Home / Proposed property seizure law erodes civil rights

Proposed property seizure law erodes civil rights

Imagine a future in which the government can force you to explain how you obtained any piece of property you own, without needing to show any link to criminal activity.

That’s exactly what “unexplained wealth orders” could do, allowing the provincial government to confiscate property without finding any link to crime.

It’s a disturbing notion that does away with the presumption of innocence and would subvert the rights that shield Canadians from unreasonable search and seizure.

The government has proposed that unexplained wealth orders (UWOs) should be adopted as law in British Columbia, and the Cullen Commission of Inquiry into Money Laundering in BC is considering whether UWOs would help address money laundering in the province. The BCCLA is at participant at the inquiry and is vigorously opposing the proposal.

What are UWOs?

UWOs would give the province the power to seize wealth that appears to be beyond a person’s financial means, unless that person can provide an adequate explanation of where the wealth came from. UWOs would be intended to target the proceeds of crime. However, UWOs may not require the target of the order be convicted of a crime, or even be suspected of a crime.

There are already laws on the books to ensure that criminals, and even suspected criminals, do not get to keep the proceeds of their criminal conduct. The Criminal Code allows the seizure of proceeds of crime after a criminal conviction. The BC Civil Forfeiture Act goes further, giving the province broad powers to seize property suspected of having been used to commit an illegal act or acquired by committing an illegal act.

The BCCLA believes that UWOs are an unnecessary expansion of government power and an unacceptable infringement of Canadians’ rights to the presumption of innocence, due process, and privacy. They have no place in Canadian law.

Criminal forfeiture

You have likely seen pictures of police standing in front of a table heaped with money, drugs, and weapons following a high-profile arrest. The Criminal Code and other federal criminal laws allow the government to seize the proceeds of crime, typically after a criminal conviction.[1]

Before the government can seize the proceeds of a crime, the owner of the property usually must be convicted of that crime. To get a conviction, the prosecution must prove that the accused person is guilty beyond a reasonable doubt.

There are two pieces of this requirement: the standard of proof required (beyond a reasonable doubt) and who must prove it (the prosecution). The “beyond a reasonable doubt” standard is exceptionally high. The Supreme Court of Canada has said this standard is “much closer to absolute certainty than to proof on a balance of probabilities.”[2] The prosecution has the responsibility to prove its case because we presume innocence until there is proof of guilt. This is a high bar for the prosecution to meet, but it is necessary to minimize the risk of convicting an innocent person or seizing their property.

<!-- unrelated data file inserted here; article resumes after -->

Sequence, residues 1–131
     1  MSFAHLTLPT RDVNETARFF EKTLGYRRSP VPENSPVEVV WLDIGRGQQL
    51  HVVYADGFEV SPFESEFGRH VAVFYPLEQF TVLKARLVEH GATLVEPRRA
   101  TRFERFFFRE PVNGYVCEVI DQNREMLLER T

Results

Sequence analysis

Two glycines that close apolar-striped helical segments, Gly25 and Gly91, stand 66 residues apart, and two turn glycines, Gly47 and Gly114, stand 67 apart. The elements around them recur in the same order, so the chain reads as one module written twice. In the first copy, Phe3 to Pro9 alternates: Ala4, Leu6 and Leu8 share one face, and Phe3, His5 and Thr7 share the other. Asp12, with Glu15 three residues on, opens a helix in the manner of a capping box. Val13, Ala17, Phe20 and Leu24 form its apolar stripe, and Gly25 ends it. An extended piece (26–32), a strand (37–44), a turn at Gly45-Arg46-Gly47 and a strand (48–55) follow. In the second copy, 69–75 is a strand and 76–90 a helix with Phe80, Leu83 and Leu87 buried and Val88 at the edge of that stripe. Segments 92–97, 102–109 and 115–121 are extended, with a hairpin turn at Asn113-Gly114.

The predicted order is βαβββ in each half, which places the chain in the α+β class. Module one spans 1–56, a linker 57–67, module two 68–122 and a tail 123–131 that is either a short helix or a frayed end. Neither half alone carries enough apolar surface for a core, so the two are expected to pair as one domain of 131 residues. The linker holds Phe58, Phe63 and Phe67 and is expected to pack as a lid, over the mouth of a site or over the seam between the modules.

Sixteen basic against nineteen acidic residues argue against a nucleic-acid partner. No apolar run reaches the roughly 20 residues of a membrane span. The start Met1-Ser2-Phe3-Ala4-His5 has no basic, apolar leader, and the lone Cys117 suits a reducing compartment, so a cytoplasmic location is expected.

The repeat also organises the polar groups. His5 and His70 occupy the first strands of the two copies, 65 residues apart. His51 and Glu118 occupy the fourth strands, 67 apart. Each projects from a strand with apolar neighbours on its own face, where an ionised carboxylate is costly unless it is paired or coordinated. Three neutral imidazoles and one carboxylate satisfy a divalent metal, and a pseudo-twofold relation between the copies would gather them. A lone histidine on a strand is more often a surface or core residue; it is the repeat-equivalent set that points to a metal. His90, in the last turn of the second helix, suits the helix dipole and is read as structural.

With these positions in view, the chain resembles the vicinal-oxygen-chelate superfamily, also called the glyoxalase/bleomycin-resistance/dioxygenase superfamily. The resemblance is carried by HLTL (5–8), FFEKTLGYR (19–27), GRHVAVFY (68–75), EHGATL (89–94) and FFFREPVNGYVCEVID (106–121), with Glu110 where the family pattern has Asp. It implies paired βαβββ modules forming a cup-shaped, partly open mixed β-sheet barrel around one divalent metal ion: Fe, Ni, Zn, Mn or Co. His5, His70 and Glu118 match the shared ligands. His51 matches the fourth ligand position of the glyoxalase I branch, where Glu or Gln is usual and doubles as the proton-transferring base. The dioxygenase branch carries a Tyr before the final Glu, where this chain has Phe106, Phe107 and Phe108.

Civil forfeiture and administrative forfeiture in British Columbia

In 2006, the BC Civil Forfeiture Act (CFA) created the Civil Forfeiture Office, tasked with seizing property suspected to be the proceeds of unlawful activities. The CFA made seizure much easier for the government by allowing it to seize property without a criminal conviction.

Under the CFA, if the Director of Civil Forfeiture suspects that property was obtained from an illegal act or used to commit that act, they can file a claim in the BC Supreme Court identifying the property, its owners, and the suspected unlawful acts. If the Director proves it is more likely than not that the property was used to commit or is the result of unlawful activity, the court generally must order the property forfeited.

The CFA also allows the court to make presumptions about property and its use if certain conditions are met. For example, if drugs or a gun are found in a car, the car is presumed to be an instrument of unlawful activity. Cash over $10,000 “bundled or packaged in a manner not consistent with standard banking practices” or found “in proximity to” drugs is presumed to be the proceeds of unlawful activity.[3]